PARADISE, Pa. — From the countryside they came, wending through the corn and alfalfa on foot and by buggy, leaving behind fields and flocks to seek solace in one another’s words and comfort in each other’s arms.
But when the Amish men and women of the Cattail District congregation gathered around a neighbor’s shed in the early evening coolness, it was not themselves they wept and prayed for. No, Rebecca Smoker says, the tears they shed were for the children — too young to comprehend what has been lost.
“You sorrow because the innocence is gone. They’re no longer going to be just children,” said Smoker, who raised six of her own here and now worries about the 23 grandchildren that have followed. “It’s not going to be the same again ever, I don’t think.”
In a community whose very existence is premised upon maintaining distance from the outside world, there is nothing more cherished by the Amish, or more vigilantly guarded, then the fragility of childhood.
So when a gunman laid siege to a one-room schoolhouse Monday, killing five Amish schoolgirls , this community suffered the most grievous kind of wound. It has forced people here to grapple with a world they cannot control.
“We know it happens,” Smoker says, of the violence and hatred of the larger world. “It just has never happened here.”
The Amish expect their children to learn about the world beyond their own. But as with any parents, they take great pains to control the way their youngest are introduced to that world, to always maintain a respectful distance.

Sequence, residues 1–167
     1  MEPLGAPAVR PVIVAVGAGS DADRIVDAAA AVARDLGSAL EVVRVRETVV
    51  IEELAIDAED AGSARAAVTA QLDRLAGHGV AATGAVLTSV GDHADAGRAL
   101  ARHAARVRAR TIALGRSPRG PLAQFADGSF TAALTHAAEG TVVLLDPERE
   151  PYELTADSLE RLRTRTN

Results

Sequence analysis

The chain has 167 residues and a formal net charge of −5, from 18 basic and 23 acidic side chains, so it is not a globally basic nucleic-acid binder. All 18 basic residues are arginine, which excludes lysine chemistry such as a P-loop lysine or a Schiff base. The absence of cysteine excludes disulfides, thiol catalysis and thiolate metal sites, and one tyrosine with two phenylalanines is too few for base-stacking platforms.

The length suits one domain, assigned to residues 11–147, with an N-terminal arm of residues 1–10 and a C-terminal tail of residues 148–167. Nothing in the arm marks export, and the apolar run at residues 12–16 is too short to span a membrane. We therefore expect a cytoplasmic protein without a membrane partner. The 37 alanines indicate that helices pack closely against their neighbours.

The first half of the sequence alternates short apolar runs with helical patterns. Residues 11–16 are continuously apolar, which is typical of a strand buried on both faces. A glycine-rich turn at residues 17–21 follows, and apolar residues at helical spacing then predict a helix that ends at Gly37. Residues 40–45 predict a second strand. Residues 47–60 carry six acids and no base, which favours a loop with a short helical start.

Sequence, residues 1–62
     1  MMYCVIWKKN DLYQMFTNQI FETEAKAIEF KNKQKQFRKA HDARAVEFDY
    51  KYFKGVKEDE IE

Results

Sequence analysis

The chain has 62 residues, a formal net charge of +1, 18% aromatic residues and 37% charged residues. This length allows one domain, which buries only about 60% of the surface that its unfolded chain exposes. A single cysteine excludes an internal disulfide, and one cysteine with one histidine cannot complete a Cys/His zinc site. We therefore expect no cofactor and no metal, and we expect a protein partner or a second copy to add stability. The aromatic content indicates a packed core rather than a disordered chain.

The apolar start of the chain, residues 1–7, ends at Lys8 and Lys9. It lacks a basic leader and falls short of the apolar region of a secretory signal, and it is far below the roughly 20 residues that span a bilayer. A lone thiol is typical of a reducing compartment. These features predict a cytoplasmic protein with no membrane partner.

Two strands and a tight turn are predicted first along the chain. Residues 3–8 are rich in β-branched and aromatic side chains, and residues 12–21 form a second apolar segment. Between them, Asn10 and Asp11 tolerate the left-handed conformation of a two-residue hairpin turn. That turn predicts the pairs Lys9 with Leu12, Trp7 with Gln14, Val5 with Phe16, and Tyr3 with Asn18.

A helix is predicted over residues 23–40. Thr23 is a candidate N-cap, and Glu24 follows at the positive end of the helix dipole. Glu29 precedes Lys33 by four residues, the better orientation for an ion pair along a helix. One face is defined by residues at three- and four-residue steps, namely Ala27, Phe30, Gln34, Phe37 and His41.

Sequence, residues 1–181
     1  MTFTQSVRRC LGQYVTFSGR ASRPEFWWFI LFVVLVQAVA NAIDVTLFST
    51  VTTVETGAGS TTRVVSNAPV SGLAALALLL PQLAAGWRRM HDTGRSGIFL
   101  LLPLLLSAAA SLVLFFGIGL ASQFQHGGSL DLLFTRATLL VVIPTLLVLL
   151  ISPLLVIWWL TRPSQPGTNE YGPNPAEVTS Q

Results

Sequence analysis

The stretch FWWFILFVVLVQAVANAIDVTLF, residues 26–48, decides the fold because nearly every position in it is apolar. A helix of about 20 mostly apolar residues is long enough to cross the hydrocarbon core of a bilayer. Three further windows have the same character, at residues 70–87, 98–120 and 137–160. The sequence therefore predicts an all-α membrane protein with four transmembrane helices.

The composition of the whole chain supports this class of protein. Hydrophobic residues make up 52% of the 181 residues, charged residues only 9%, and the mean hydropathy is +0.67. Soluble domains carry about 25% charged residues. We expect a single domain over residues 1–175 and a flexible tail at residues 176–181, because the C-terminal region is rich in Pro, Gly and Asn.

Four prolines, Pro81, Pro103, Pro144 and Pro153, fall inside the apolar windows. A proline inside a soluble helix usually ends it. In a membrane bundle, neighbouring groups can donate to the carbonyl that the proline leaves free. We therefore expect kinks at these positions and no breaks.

Breaching their sanctuary
Now that world has invaded their own, confronting Amish parents with a truth they have long known. The delicate cocoon they have built around their children can hold back the world for only so long.
By Tuesday morning, Smoker says, her 8-year-old grandson already knew what had happened and declared he was too afraid to return to his own school. Another boy reasoned it out this way — his school is so far back in the countryside, no gunman could find him there.
The truth of what has happened particularly painful because the massacre took place inside a place the Amish consider almost a sanctuary.
In a community where the faithful meet in homes and there are few worldly possessions, the dozens of one-room schools that dot the rolling countryside are among the only public gathering places the Amish have. They invest themselves fully in the schools’ creation and use, said Mark Dewalt, a professor at Winthrop University in Rock Hill, S.C., who has visited scores of them as part of his research.
The Amish build each school themselves. Each August, he says, Amish families gather to clean the building, repair it and make it ready for the new year. After they complete their education, Amish teenagers return to the schoolyards in the evening to play volleyball and softball.
“It does function as the center of a community,” DeWalt said.
‘There is a coming together’
The strength of that community is central to life inside an Amish classroom, where children of all ages learn side-by-side. The lessons, though, are about more than just reading and writing and math, he says.
The Amish, he says, believe the schools are preparing their children for life in the eternal Heaven that awaits them.
The shootings have led many Amish to ponder what God has in store for them and their children.
It would be a mistake, though, to think their insulation from the outside world has left them ill-prepared for a crisis, say Amish and those who know them. While the community has been badly shaken, it remains intact, offering support and comfort.
When Brad Aldrich, a family counselor, was called to the school Monday to talk with students who had fled, he found children and adults in tears, holding each other. But to him the most remarkable thing about the Amish community is that it is unthinkable to suffer alone.
“There is a coming together,” Aldrich said. “That’s how they deal with everything. They come together.”
The Associated Press contributed to this report.